Mass. Breach Could Affect 800,000Backup Files May Have Been Lost
South Shore Hospital in South Weymouth, Mass., shipped the back-up files for offsite destruction Feb. 26, 2010. When certificates of destruction were not provided in a timely manner, the hospital sought an explanation from the professional data management company handling the destruction, the hospital said in a statement. On June 17, the company informed the hospital that only a portion of the shipped back-up files had been received and destroyed.
So far, there is no evidence that the information on the missing files has been accessed by anyone, according to the hospital.
The files included information on patients, employees, physicians, volunteers, donors, vendors and other business partners dating from Jan. 1, 1996, to Jan. 6, 2010. Information may have included certain individuals' names, addresses, phone numbers, dates of birth, Social Security numbers, driver's license numbers, health plan information, dates of service and diagnosis and treatment information. For a "very small subset" of individuals, information also may have included bank account and credit card numbers, the hospital said.
South Shore has notified the Department of Health and Human Services' Office for Civil Rights as required under the HITECH Act's breach notification rule. It has also notified state authorities.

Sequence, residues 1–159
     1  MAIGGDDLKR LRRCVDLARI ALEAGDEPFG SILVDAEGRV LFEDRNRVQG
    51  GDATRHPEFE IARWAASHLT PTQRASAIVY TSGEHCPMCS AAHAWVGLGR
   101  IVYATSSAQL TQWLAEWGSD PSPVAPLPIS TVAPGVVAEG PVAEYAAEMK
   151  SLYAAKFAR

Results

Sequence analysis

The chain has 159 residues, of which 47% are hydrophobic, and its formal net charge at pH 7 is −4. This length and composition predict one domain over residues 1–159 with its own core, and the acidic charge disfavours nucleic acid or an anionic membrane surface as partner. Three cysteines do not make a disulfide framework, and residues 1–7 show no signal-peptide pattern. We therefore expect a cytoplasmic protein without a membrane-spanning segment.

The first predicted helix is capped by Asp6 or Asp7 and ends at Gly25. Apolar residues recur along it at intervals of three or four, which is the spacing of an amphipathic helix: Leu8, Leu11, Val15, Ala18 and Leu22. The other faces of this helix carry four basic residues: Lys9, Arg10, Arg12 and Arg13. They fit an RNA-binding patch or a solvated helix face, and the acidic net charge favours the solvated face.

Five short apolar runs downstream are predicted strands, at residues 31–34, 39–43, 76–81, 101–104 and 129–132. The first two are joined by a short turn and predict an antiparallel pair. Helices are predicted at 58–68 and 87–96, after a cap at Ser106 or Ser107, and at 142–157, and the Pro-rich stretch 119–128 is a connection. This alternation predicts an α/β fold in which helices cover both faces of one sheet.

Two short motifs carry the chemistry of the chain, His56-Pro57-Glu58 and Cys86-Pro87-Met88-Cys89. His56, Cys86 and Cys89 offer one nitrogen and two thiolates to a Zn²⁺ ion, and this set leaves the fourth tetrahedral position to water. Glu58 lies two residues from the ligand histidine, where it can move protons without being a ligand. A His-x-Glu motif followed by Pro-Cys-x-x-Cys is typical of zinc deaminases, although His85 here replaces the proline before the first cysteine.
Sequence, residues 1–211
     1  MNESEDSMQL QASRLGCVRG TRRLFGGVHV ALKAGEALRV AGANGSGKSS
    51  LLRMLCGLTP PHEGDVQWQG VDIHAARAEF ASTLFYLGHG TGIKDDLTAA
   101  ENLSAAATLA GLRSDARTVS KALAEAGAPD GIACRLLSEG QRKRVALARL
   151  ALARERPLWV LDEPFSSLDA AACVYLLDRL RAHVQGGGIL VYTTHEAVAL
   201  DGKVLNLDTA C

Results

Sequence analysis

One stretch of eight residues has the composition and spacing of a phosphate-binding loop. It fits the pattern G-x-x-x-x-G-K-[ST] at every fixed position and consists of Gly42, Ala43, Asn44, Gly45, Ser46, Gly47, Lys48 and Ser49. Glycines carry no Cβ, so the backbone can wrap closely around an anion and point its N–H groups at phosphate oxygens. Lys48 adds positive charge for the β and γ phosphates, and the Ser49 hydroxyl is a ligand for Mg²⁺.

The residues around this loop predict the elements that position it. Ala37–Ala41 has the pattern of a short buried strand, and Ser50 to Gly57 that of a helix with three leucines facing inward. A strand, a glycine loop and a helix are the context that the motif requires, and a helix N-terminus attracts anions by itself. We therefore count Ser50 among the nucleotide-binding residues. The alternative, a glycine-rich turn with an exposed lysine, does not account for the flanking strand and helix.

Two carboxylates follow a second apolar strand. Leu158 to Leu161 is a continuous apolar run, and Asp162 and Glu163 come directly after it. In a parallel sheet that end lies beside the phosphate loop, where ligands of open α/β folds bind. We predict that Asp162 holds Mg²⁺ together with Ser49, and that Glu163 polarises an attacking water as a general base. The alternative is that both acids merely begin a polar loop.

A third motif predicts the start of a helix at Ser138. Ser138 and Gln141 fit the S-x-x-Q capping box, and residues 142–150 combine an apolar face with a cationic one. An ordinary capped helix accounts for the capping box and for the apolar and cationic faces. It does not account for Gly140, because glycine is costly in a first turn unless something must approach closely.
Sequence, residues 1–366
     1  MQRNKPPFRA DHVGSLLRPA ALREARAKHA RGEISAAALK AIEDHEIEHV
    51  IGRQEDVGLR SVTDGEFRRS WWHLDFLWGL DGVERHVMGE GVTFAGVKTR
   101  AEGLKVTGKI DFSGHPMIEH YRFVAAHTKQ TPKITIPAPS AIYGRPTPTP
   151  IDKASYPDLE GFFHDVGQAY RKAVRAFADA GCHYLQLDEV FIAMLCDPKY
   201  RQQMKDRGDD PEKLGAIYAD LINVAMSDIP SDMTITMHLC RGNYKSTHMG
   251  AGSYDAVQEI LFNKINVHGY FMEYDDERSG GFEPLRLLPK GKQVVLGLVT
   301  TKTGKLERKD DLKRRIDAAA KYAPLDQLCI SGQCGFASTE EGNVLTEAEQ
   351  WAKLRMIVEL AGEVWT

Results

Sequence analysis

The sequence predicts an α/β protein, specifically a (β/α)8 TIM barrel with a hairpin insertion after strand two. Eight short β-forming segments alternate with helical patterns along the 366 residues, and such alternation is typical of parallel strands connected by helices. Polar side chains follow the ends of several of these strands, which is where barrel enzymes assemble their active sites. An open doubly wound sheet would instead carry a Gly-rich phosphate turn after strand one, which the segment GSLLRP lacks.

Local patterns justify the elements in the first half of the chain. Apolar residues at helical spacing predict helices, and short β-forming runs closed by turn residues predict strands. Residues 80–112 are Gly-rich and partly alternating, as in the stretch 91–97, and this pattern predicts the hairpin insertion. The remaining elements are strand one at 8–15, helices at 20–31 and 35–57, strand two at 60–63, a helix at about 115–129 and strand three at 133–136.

The hospital will send letters to individuals affected once it verifies whose information may have been included in the missing back-up files. Once the investigation is complete, the hospital will determine whether to provide free credit and identity theft monitoring to any of those affected.
The files were scheduled for destruction because they were in a format the hospital no longer uses and because the back-up process did not allow for these files to be encrypted, the hospital said. "However, specialized software, hardware and technical knowledge and skill would be required for someone to access and decipher the information," according to the hospital's statement.
South Shore has ceased the offsite destruction of back-up computer files "and is putting in place policies to ensure that a similar situation cannot occur," the hospital said.